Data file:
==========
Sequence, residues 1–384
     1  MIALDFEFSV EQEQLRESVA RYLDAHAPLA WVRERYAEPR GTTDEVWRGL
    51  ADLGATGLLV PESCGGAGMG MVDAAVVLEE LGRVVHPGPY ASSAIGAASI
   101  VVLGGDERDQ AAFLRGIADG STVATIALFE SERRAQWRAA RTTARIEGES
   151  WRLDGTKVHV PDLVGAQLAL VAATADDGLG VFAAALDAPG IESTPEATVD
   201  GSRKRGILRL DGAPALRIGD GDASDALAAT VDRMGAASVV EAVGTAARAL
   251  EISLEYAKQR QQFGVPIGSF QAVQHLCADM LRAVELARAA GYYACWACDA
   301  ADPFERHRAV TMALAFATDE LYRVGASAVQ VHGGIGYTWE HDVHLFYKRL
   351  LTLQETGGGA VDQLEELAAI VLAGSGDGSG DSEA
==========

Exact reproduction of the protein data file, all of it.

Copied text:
Sequence, residues 1–384
     1  MIALDFEFSV EQEQLRESVA RYLDAHAPLA WVRERYAEPR GTTDEVWRGL
    51  ADLGATGLLV PESCGGAGMG MVDAAVVLEE LGRVVHPGPY ASSAIGAASI
   101  VVLGGDERDQ AAFLRGIADG STVATIALFE SERRAQWRAA RTTARIEGES
   151  WRLDGTKVHV PDLVGAQLAL VAATADDGLG VFAAALDAPG IESTPEATVD
   201  GSRKRGILRL DGAPALRIGD GDASDALAAT VDRMGAASVV EAVGTAARAL
   251  EISLEYAKQR QQFGVPIGSF QAVQHLCADM LRAVELARAA GYYACWACDA
   301  ADPFERHRAV TMALAFATDE LYRVGASAVQ VHGGIGYTWE HDVHLFYKRL
   351  LTLQETGGGA VDQLEELAAI VLAGSGDGSG DSEA